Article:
As America celebrates Independence Day, many fondly remember the Founding Fathers and their contributions, the Declaration of Independence and the Constitution. It is not uncommon to hear Americans wistfully say, “I wish our Founding Fathers were around today. They would set things straight.”
These men laid the foundations upon which America was built. However, the America they built does not much resemble the democratic America of today. It would be wise to recognize the flaws in their work: the Constitution’s incorporation of stupendously impractical ideas, failure to address slavery and, most concerning, the creation of an oligarchy.
One of those stupendous ideas would be how the Vice President was elected. The Presidential candidate who amassed the second most Electoral College votes would become Vice President. If you think gridlock in Washington is bad today, imagine the gridlock of a vice president and president who were opponents (think of an Obama/Palin administration).
Some of the Founding Fathers – George Washington for example – did oppose slavery in some way. However, at best, the Constitution failed to truly address the issue of slavery. At worst, it perpetuated a horrific institution. Less than a century later, the nation was torn asunder in the Civil War. This problem that the Founding Fathers had ignored resulted in hundreds of thousands of deaths in that war.
There is also no question that the Founding Fathers created an oligarchy, not a republic or a democracy. They went to great lengths to curtail popular power. Whether or not their intentions were noble, I leave up to the reader. If you were not a white, Protestant, male property owner, you more than likely could not vote. To say that the majority of Americans could not vote would be a gross understatement.
The few Americans who could vote had little tangible power. They could only elect the House of Representatives, whose power was easily checked by the Senate. Those senator were appointed by state legislatures. The President was elected by the Electoral College. Supreme Court Justices were chosen by the President and Senate.
The results were dismal. The appointment process for Senators was ridden with corruption and patronage. The Supreme Court made appalling decisions, like Plessy v. Ferguson and Dred Scott v. Sanford. Mean while, good decisions like Cherokee Nation v. Georgia, which protected the constitutional rights of Native Americas, were oft ignored.
Nowhere was oligarchy more evident than in the Electoral College. In the 1824 Presidential elections, John Q. Adams, who won 30.9 percent of the vote, was declared victorious after backroom negotiations, even though Andrew Jackson had won 41.4 percent of the vote (admittedly, it did delay the genocidal Jackson).
Fortunately, many continued the work that the Founding Fathers had started. Sometimes, this meant tearing down the old constructs. We must not forget these men, particularly on Independence Day. Thaddeus Stevens, Charles Sumner, William Jennings Bryan and Robert La Follette are four such men (these are not “the most important” men/women, just a few examples).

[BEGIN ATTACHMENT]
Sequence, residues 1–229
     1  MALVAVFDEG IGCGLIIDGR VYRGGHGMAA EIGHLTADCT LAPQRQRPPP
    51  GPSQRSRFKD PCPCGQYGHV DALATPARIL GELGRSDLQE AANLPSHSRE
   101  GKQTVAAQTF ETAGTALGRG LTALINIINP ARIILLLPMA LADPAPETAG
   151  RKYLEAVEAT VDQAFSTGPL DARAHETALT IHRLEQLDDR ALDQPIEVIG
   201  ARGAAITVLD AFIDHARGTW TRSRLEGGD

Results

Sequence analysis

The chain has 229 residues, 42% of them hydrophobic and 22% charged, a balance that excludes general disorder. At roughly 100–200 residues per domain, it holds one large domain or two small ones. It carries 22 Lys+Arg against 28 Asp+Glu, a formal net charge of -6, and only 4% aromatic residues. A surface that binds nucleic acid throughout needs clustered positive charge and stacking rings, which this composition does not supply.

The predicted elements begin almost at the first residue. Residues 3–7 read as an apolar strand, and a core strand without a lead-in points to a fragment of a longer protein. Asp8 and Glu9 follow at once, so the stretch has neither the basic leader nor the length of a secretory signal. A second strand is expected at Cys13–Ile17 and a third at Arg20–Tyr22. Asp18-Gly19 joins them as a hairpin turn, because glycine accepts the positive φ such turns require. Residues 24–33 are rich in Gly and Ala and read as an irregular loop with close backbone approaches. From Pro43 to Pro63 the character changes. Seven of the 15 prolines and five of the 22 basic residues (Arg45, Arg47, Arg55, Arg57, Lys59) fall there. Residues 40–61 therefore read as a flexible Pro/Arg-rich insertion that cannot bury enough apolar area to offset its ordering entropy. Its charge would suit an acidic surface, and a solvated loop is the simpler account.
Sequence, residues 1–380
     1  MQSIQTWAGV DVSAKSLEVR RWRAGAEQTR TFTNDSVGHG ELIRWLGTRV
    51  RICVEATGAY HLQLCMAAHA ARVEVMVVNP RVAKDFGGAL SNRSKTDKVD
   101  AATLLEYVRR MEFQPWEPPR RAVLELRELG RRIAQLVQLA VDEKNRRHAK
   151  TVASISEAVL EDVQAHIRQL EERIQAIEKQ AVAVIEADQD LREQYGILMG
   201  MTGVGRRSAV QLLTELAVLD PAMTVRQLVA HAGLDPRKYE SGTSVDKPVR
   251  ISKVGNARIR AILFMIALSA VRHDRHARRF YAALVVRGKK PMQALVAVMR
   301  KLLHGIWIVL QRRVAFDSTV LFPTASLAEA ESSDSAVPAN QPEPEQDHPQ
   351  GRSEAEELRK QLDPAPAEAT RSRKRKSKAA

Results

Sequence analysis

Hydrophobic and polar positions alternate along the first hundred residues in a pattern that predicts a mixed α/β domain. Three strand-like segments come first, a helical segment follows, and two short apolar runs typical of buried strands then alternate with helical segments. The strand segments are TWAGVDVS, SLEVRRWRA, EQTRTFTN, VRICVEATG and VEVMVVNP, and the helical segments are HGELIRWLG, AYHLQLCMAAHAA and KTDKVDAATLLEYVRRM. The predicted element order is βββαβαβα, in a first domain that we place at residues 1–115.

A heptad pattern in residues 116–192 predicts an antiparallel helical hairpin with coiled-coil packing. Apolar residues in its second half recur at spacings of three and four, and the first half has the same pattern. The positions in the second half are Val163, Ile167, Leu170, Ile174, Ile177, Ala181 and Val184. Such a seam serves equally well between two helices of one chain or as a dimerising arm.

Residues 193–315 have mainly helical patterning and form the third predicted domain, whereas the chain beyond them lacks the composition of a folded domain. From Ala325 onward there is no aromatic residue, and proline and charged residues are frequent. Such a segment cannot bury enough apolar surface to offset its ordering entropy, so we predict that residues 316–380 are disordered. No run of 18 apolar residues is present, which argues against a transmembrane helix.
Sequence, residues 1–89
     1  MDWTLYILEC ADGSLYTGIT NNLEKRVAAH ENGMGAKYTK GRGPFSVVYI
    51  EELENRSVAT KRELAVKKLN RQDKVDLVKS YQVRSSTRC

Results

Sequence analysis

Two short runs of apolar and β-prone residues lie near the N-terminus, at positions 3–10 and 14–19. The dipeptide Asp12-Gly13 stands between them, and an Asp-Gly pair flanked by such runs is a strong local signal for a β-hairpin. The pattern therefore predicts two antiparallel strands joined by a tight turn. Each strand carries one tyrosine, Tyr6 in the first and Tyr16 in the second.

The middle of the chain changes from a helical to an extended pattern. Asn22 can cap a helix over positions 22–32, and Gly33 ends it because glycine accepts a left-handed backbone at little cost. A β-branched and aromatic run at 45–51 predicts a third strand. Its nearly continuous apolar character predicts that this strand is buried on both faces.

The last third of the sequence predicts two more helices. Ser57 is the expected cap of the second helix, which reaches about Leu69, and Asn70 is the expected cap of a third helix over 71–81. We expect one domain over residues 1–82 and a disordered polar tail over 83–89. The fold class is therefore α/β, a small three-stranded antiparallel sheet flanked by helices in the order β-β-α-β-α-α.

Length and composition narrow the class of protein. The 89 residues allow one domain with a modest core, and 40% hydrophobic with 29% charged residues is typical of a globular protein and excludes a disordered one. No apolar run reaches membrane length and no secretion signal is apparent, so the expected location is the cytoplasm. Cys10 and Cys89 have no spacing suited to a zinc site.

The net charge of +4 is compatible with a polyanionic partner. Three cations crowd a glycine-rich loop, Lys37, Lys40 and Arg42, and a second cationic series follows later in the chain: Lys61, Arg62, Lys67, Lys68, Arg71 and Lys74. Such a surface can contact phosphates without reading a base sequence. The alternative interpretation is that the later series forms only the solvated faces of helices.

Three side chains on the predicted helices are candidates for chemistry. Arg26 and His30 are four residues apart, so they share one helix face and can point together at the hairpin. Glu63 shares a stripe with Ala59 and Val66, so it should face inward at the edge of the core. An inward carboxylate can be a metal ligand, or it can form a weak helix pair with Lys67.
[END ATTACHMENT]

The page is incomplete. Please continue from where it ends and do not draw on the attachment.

Representative Stevens and Senator Sumner were leaders of the “radical Republicans” in their representative branches of Congress during the Reconstruction. The Reconstruction was an attempt by victorious North to rehabilitate the defeated South. Unfortunately, President Andrew Jackson opposed many of their efforts, and the movement bogged down.
However, Rep. Stevens and Sen. Sumner helped Congress pass the 14th and 15th amendments. The former re-affirmed that all those born in the U.S. were citizens, entitled to civil rights. The latter prohibited the denial of suffrage on the basis of race. Although it took years for these ideals to become actual policy, the 14th and 15th amendments were instrumental developments in American democracy.
Bryan spearheaded the push for one of the most important revisions in American governing. As mentioned earlier, the Constitution let state legislatures appoint senators. It was not until the 17th amendment was ratified in 1913 that senators would be directly elected by voters. This watershed moment ensured that Americans would – at least on paper – control what is arguably the most powerful branch of the United States government.
La Follette, along with Bryan, was a beacon of American progressivism. The government laid out by the Founding Fathers was rife with corruption. Notorious political machines, like Tammany Hall, had strangleholds on local government while robber-barons and monopolies held tremendous sway, from town halls to Capitol Hill. La Follete fought some of these interests and graft, both in his home state of Wisconsin and at the federal level. He also championed minority rights.
No matter how much the Founding Fathers are lionized, there is simply no way around the harsh truth: they were flawed, no better, no worse, than any of us. John Adams, a key Founding Father, claimed that “liberty, once lost, is lost forever”. But past the veil of beautiful prose and rhetoric, Adams signed into law the Alien and Sedition Acts which, among other things, gutted free speech.
Continuing to pretend that the Founding Fathers were demigods is a disservice to their memory. Nostalgia blinds us to our shortcomings and faults. It impedes progress. No, the best way to honor the Founding Fathers is to recognize their errors, learn from their mistakes and continue building the house they laid the foundations of – America. I will leave you with a quote from one of those imperfect men. “Liberty cannot be preserved without a general knowledge among the people.” – John Adams